Can't run a stand alone web app

I am attempting to run a stand alone web application on a Linux server.
I followed all the instructions given in various documents, but with no success (I get a timeout error by the server)
My question is: to run a stand alone web application you need to do something on the server about the port used (must it be opened manually or not needed?)

Thank you all.


if you replace an exeutable make sure it not runs and the port is not already in use.
have you start it manually from shell for a test?
usually it is registerd and runs as daemon.
try List Services using systemctl list-units --type=service
if you like to access a port from www you have to forward it in router in case
you will access this single xojo web application direct.
other option is to have your web app behind a web server so traffic goes from
www to web server like apache and this is configured to connect to your intern xojo web app.
if you like to access xojo web app via ssl direct from www you need a certificate beside exe which in mentioned in xojo docs.

Linux server

what kind of “Linux”?

Here’s a shout out to @Tim_Parnell’s excellent -Lifeboat tool that simplifies a lot of this.


Simplifies ALL of what has been asked tbf

In the information page I only can see that the OS is Linux and the version of Apache is 2.4.51

Since I am not a web apps guru, nor a Linux server expert, I followed the Xojo documentation in order to create and deploy stand alone web apps on Linux Server.
a) I compile my app as Stand alone and assign the port 36000
b) I deploy folders and application that come from the compiler
c) I run the control panel of my web provider and open the Terminal window
d) I go to the folder where I deployed my app
e) I type the command "./MyWebApp --port=36000
f) I type the command “ps -Af” and I can see my app running

But when I open the browser and type the URL “” nothing starts, and after a while I get the error that the site takes too much time to respond.

Someone told me that the port 36000 must be manually opened on the server, but I am not convinced of that.

Someone told me that the port 36000 must be manually opened on the server, but I am not convinced of that.
that is possible. you can google it if you know what linux is installed.

test it local with browser
see that you have an output
check firewall port is allowed
make sure incomming port can access this pc.
be sure your browser use http:// if you not setup ssl.

Neither any documentation, nor the Javier Rodriguez video tell me that the Port of the standalone app is to be opened.

I have absolutely zero knowledge of servers and even less of Linux OS, so I followed these instructions from @Jeannot_Muller step by step and it’s worked ever since:

@Nedi_Freguglia Yep, Linux can be a monster, if you are not used to it (yet).

I second the hint to use a tool like @Tim_Parnell 's LifeBoat which can a huge time safer, plus you can be sure that what you are trying to do is solid and safe.

But overall it doesn’t look too bad, if you are able to start your app. I’m a bit suprised by the port number, and would suggest a 4-digit range, for instance 4050. Be sure that you are using the same port in your compiled app, it is actually that port where you app is listening for visitors. Now, a full bunch of things can avoid your app being able to listen to the outside world: firewalls for instance, closed ports, etc.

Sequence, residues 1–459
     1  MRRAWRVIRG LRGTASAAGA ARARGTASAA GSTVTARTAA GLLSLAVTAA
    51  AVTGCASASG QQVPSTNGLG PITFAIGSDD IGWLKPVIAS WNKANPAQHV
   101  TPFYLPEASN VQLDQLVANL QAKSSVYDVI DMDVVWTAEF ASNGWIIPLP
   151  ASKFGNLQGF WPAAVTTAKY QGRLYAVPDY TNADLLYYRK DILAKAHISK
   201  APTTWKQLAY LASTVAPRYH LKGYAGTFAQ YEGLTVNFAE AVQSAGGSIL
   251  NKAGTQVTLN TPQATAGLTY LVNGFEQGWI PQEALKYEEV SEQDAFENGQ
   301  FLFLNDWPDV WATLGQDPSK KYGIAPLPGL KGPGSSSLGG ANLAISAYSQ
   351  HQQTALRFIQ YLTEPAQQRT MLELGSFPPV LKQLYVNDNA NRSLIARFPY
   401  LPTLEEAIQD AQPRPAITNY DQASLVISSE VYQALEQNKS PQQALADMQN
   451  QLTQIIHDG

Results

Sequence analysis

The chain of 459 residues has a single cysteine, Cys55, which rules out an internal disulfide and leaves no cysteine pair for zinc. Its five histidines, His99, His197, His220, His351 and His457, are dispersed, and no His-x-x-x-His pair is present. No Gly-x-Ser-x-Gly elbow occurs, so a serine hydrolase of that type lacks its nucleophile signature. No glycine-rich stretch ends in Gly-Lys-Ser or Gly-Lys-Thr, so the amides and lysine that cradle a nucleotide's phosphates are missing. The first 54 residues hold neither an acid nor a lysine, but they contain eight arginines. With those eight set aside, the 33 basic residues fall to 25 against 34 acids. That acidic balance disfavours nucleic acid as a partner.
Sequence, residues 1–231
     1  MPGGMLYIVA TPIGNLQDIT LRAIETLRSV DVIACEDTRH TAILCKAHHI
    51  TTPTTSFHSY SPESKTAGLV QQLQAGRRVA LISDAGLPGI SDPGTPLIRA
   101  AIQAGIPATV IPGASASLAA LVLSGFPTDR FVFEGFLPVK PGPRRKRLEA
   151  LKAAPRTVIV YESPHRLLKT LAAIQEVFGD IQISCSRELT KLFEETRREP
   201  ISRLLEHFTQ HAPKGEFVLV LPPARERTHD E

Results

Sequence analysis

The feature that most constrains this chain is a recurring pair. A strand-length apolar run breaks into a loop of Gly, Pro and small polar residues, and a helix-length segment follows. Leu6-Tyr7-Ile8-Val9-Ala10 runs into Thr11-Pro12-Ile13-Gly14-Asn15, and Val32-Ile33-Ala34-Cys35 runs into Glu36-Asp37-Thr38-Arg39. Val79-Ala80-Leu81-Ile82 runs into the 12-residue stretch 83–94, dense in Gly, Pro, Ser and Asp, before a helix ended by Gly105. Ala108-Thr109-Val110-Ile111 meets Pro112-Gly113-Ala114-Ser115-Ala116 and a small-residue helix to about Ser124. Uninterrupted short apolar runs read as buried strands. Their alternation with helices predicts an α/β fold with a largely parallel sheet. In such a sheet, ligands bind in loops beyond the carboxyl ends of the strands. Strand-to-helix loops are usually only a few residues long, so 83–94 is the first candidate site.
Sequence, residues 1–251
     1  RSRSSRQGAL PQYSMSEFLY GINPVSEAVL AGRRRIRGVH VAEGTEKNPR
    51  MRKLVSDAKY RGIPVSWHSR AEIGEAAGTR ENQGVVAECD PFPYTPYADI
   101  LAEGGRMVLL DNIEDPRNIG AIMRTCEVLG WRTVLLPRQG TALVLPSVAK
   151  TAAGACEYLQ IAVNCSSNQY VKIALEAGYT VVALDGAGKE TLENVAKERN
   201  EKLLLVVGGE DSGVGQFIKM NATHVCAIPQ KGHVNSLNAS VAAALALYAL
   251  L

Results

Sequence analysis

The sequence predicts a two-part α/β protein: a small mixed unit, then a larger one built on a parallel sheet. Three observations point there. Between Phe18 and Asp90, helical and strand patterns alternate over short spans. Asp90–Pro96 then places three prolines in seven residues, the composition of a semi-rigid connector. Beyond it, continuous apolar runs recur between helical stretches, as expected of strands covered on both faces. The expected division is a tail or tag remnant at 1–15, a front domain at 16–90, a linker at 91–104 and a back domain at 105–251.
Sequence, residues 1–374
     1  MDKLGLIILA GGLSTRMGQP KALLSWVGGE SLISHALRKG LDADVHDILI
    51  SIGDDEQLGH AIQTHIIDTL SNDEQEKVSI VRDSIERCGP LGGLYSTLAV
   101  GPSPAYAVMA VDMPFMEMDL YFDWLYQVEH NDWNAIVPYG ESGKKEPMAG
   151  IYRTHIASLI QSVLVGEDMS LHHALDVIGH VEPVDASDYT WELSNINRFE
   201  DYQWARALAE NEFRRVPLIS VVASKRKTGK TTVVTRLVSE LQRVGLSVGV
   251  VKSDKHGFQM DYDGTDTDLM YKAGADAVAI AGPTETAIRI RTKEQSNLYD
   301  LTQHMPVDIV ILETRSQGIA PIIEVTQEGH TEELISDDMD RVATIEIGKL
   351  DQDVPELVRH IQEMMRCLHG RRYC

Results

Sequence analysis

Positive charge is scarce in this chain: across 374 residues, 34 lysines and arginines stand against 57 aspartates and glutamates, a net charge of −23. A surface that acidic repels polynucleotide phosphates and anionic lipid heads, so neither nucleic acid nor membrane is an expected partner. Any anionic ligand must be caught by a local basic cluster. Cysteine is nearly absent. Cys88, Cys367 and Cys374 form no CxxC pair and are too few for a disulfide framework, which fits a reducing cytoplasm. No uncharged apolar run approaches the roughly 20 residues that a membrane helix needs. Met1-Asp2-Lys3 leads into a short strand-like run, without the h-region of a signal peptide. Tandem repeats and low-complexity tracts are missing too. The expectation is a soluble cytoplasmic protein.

Your best friend will probably be telnet to find out what the response of your server is. You can open as well an ssh tunnel to check if the side is then available under //localhost:. Perhaps you have a browser installed, which is already listening to your port, but not forwarding it to your app, etc.

Crossing my fingers. On linux you can type:

sudo lsof -i :<yourPort>

to see what might be listening already to this port. Though I think your app would not start if the port is occupied already. I can’t remember how Xojo Web is behaving on such a scenario.

If your data are sensitive I suggest Xojo Cloud or Tim’s Lifeboat. Again, it is not only about wasting time, but making your solution safe and secure.

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That is because it all depends on the server configuration. If the server is more secure and the ports are closed, then you need to open the port that you want to use. If the server doesn’t block the ports and you start your application that listens to port 36000, then it should work.

Also, most server installations leave open the web ports. In your case you have Apache running there. If you stop Apache and run your web app with the default ports, then your application should receive connections without problems.

Maybe Javier can add a note saying: “if your server firewall has all ports closed and you want to run your web app using a non-standard port, then you need to consult your server administration on how you can open the required port”.

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You also need to find out if SE Linux is running
If it is enforcing then that might need configuration

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I meant of course: a webserver (Apache, Nginx, etc.) installed :wink:

Thank you @MarkusR, @GarryPettet , @SteveP , @Christoph_Emrich , @Jeannot_Muller , @AlbertoD and @brian_franco , thank you a lot for your suggestions and for the time you have dedicated to me.
But my lack of knowledge both of the deep problems of web programming and of Linux servers force me to abandon (for now) the idea of stand alone applications, considering that the server is not mine, but of a provider, and I can’t do whatever I want.

Thanks again to all of you!

i guess you have only a web space contract with some other features.

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